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N umber 2
August 2009

GENdER aNd WoRk IN ThE MENa REGIoN
W o R k I N G Pa P E R S E R I E S

Poverty, Job Quality and Labor market Dynamics

When there is “No Respect”
at Work: Job Quality Issues for
Women in Egypt’s Private Sector
ghada barsoum, Ali rashed,
and Dahlia Hassanien

Ghada Barsoum is Senior Program Manager, Poverty, Gender and Youth Program, Population Council, Cairo, Egypt. Email address: gbarsoum@popcouncil.org Ali Rashed is Data Analyst/Researcher, Data Analysis and Economic Research Unit, Population Council, Cairo, Egypt. Email address: arashed@popcouncil.org Dahlia Hassanien is Research Assistant, Poverty, Gender and Youth Program, Population Council, Cairo, Egypt. Email address: dhassanien@popcouncil.org

The research presented in this publication is the result of a project funded by Canada’s International Development Research Centre (www.idrc.ca).

The Population Council conducts research worldwide to improve policies, programs, and products in three areas: HIV and AIDS; poverty, gender, and youth; and reproductive health. Population Council

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Abstract
Egypt has one of the lowest female labor participation rates in the world. Based on ethnographic research, this paper argues that women in Egypt, particularly young women, face job quality issues that discourage them from continuing to work or even entering the labor market. The paper highlights women’s, particularly young women’s, valorization of jobs in the public sector and with the government, even if untenable. We discuss the advantages presented by the public sector in Egypt, why those jobs are valorized by women, and the strategies young women adopt in clinging to the hope of getting a public sector/government job. We also examine the reasons young women present for their limited labor market participation. The paper argues that these reasons are primarily related to job quality issues and the lack of decent work in the predominantly informal private sector in Egypt.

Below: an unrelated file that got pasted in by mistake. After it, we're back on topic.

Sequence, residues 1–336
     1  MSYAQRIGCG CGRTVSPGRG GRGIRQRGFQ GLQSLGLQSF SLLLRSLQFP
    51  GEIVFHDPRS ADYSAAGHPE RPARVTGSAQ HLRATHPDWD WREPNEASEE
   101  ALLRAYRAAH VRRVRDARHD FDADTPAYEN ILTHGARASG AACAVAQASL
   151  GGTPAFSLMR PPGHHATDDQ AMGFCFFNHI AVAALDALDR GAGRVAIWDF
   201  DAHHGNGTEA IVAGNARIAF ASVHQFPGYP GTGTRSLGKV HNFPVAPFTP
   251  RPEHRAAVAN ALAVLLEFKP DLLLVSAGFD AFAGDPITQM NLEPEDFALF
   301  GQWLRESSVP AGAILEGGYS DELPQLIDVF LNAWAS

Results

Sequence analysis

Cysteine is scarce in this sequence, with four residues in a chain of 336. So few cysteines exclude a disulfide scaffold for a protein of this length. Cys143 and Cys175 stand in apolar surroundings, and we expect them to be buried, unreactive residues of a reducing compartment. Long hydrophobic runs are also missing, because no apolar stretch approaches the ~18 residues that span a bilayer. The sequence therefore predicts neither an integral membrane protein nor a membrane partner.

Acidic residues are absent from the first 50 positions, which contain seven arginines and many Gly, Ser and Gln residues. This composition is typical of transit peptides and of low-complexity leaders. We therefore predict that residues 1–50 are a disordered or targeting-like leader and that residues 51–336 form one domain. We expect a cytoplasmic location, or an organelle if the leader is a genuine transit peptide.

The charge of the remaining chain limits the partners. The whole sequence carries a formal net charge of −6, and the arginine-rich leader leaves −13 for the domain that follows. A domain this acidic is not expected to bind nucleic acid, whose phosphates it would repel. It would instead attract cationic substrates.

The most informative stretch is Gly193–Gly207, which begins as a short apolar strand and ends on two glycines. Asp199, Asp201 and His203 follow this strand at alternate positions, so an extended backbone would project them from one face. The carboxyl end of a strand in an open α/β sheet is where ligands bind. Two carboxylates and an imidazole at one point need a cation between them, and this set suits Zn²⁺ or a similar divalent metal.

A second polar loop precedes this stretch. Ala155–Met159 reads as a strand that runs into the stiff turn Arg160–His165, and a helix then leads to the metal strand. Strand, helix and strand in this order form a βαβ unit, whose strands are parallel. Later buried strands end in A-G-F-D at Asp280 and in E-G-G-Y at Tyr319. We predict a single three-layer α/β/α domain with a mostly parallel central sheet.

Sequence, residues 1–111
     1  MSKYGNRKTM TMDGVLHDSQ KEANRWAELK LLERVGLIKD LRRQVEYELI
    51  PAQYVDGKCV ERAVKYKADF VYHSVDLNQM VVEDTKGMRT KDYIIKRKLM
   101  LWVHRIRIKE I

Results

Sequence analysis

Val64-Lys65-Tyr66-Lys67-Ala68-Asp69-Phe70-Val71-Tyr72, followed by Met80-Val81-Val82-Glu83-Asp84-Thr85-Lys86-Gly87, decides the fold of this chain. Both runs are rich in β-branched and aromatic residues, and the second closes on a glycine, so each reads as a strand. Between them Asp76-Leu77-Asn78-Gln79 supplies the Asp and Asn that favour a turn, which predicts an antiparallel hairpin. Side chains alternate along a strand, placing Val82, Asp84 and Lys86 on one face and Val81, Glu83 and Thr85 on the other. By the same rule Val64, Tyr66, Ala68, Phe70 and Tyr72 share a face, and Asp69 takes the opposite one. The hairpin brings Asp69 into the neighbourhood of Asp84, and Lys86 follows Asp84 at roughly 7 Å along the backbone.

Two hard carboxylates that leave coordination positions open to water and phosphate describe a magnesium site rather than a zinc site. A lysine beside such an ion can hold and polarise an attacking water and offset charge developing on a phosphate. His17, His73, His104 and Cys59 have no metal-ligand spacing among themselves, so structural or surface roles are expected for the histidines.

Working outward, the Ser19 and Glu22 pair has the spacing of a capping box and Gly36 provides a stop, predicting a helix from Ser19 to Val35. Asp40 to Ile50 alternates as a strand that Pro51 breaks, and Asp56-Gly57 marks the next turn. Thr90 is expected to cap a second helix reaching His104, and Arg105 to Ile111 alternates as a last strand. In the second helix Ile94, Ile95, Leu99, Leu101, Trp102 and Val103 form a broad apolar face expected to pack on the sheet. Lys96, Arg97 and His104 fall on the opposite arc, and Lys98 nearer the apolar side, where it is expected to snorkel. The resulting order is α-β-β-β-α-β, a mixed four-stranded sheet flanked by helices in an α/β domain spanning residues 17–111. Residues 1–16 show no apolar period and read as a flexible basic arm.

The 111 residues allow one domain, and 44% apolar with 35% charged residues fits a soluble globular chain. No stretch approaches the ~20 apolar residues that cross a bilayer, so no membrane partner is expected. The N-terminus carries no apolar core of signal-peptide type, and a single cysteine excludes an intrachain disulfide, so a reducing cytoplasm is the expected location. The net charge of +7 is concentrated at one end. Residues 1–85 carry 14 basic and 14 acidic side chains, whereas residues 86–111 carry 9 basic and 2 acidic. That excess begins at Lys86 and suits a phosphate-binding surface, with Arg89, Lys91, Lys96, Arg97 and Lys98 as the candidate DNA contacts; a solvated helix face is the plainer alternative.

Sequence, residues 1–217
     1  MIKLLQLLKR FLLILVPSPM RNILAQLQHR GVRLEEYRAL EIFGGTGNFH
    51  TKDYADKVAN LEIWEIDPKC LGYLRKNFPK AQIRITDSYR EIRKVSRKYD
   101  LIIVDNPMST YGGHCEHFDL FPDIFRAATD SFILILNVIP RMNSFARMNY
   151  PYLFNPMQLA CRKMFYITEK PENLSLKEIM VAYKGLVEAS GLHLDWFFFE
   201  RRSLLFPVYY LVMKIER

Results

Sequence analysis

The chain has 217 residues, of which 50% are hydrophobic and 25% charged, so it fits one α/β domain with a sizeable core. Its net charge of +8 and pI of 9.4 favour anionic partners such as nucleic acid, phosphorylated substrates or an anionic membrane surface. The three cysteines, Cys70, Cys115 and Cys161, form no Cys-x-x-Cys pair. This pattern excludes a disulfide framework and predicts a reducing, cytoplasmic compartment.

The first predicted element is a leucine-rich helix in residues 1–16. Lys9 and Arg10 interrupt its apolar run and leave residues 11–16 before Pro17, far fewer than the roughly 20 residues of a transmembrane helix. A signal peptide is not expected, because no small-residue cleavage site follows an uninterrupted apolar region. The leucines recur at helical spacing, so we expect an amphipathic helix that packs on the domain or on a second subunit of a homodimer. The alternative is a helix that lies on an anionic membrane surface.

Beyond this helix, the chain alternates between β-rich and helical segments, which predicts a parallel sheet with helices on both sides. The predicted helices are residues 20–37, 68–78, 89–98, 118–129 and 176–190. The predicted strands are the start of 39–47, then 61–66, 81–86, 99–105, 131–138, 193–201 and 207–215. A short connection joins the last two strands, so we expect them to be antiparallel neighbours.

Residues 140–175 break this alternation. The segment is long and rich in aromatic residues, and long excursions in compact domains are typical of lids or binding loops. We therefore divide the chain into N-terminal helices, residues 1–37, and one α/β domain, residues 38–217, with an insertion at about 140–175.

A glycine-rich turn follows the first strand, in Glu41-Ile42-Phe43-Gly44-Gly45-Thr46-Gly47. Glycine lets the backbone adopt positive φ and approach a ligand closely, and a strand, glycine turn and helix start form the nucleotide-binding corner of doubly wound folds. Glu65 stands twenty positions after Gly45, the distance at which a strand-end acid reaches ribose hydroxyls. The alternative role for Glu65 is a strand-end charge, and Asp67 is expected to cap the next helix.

Introduction
Despite the increasing prevalence of female education, Egypt continues to have one of the lowest female labor participation rates in the world. A recent report by the World Economic Forum (WEF) ranks Egypt 120th out of 128 countries in terms of gender gap, with Egypt achieving one of its worst rankings in women’s economic participation (WEF, 2008:18). The story of women’s wage employment in modern Egypt is one of supportive policies in the middle of the twentieth century, in the form of a guaranteed employment scheme, followed by economic restructuring in the mid-1990s, and other globalization trends. The stagnation of public sector hiring as part of structural adjustment policies has had a negative impact on women’s labor market participation (Assaad, 2006a). In the absence of jobs in this relatively women-friendly sector, they face a number of job-quality issues in the private sector that are central to women’s limited labor market participation. Job quality issues have recently attracted the attention of researchers on employment. Central to the analysis in this paper is the notion of decent work, introduced by the International Labor Organization (ILO) in 1999. In contrast to the traditional focus on employment status, wages, and hours worked, more recent research attempts to critically examine the quality of the work experience in light of this notion. These new developments...
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